Thursday, November 11, 2010

Lava Channel on the Flank of Ascraeus Mons

Ascraeus Mons is one of the giant shield volcanoes on Mars. Its flanks are built up of innumerable lava flows, but most are buried by too much dust to see features of interest.

This is one of the better preserved lava flows, showing a distinct channel running diagonally through the observation. As surges of hot lava spilled over the channels banks, levees were built up on either side of the flowing lava. Then, as the eruption slowed, the liquid lava drained out, leaving a long trough.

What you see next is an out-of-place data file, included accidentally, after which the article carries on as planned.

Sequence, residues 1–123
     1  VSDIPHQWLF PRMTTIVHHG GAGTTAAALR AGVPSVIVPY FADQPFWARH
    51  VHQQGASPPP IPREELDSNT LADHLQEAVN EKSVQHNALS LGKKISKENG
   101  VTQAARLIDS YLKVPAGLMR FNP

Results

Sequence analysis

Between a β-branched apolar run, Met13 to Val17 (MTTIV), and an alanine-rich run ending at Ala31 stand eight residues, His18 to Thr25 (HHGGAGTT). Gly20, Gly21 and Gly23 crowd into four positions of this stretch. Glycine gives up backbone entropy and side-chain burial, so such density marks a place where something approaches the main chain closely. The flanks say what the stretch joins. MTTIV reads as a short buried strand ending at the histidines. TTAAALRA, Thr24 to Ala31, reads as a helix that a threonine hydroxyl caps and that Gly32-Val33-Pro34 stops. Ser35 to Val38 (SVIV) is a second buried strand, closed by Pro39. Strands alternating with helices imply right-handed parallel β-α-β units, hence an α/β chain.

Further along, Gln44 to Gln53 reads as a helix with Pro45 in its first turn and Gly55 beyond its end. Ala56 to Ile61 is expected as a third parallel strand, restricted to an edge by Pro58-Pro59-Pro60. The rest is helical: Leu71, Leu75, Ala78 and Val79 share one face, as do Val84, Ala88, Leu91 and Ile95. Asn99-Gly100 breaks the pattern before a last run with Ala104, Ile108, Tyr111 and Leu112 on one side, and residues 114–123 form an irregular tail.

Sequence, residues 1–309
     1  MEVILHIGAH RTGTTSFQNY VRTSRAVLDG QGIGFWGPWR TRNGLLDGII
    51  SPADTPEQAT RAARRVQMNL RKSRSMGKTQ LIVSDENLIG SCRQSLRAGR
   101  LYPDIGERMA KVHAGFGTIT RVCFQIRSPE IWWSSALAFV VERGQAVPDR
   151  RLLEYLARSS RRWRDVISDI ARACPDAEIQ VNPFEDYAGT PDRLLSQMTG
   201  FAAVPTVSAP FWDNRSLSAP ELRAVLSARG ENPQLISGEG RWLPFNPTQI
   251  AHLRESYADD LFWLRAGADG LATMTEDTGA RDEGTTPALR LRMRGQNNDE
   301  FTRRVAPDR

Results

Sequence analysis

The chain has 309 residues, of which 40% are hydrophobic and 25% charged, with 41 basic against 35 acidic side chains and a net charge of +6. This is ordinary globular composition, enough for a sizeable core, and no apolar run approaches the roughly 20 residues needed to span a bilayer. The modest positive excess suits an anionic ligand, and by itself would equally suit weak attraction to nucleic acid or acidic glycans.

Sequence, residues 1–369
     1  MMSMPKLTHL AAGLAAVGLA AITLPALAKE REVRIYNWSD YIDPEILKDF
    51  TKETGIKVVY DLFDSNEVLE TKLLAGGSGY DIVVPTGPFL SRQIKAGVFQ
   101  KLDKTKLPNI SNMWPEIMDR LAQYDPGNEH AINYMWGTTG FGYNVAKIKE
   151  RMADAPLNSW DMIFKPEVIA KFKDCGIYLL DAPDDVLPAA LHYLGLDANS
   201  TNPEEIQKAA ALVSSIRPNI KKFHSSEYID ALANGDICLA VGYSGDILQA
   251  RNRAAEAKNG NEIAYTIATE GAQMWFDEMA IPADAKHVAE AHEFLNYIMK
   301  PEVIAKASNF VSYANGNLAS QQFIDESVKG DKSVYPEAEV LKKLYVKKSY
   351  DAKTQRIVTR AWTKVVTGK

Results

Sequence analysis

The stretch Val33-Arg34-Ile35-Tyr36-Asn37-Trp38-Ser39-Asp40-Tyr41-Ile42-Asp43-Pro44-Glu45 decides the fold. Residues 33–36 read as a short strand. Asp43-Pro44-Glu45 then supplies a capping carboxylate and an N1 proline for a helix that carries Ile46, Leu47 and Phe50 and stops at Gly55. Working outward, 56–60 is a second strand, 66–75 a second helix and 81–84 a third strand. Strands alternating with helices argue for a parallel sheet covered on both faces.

While a relatively young feature for Mars, this lava surface is still very ancient - as one can tell from the large number of impact craters scattered across the image. The other persistent geologic process has been the wind. Its effect can be seen in the form of bright streaks heading west from craters and other topographic obstacles. This is where bright dust is able to find shelter from the wind.

Photo credit: NASA/JPL/University of Arizona

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